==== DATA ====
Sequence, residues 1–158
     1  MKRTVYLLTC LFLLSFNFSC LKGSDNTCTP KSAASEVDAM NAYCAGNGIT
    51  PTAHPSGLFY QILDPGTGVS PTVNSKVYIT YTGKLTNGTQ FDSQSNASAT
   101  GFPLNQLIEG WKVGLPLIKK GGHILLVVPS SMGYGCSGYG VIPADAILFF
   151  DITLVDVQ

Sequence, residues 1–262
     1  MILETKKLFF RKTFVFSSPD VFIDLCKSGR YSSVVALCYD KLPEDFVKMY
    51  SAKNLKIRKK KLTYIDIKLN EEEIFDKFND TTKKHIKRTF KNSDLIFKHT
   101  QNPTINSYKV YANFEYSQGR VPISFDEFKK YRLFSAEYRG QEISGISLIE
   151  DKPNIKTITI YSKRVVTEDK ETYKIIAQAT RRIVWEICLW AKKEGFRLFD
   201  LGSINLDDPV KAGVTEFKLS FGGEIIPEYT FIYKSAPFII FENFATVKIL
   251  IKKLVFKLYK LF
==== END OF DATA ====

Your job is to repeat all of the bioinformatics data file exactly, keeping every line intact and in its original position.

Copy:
Sequence, residues 1–158
     1  MKRTVYLLTC LFLLSFNFSC LKGSDNTCTP KSAASEVDAM NAYCAGNGIT
    51  PTAHPSGLFY QILDPGTGVS PTVNSKVYIT YTGKLTNGTQ FDSQSNASAT
   101  GFPLNQLIEG WKVGLPLIKK GGHILLVVPS SMGYGCSGYG VIPADAILFF
   151  DITLVDVQ

Sequence, residues 1–262
     1  MILETKKLFF RKTFVFSSPD VFIDLCKSGR YSSVVALCYD KLPEDFVKMY
    51  SAKNLKIRKK KLTYIDIKLN EEEIFDKFND TTKKHIKRTF KNSDLIFKHT
   101  QNPTINSYKV YANFEYSQGR VPISFDEFKK YRLFSAEYRG QEISGISLIE
   151  DKPNIKTITI YSKRVVTEDK ETYKIIAQAT RRIVWEICLW AKKEGFRLFD
   201  LGSINLDDPV KAGVTEFKLS FGGEIIPEYT FIYKSAPFII FENFATVKIL
   251  IKKLVFKLYK LF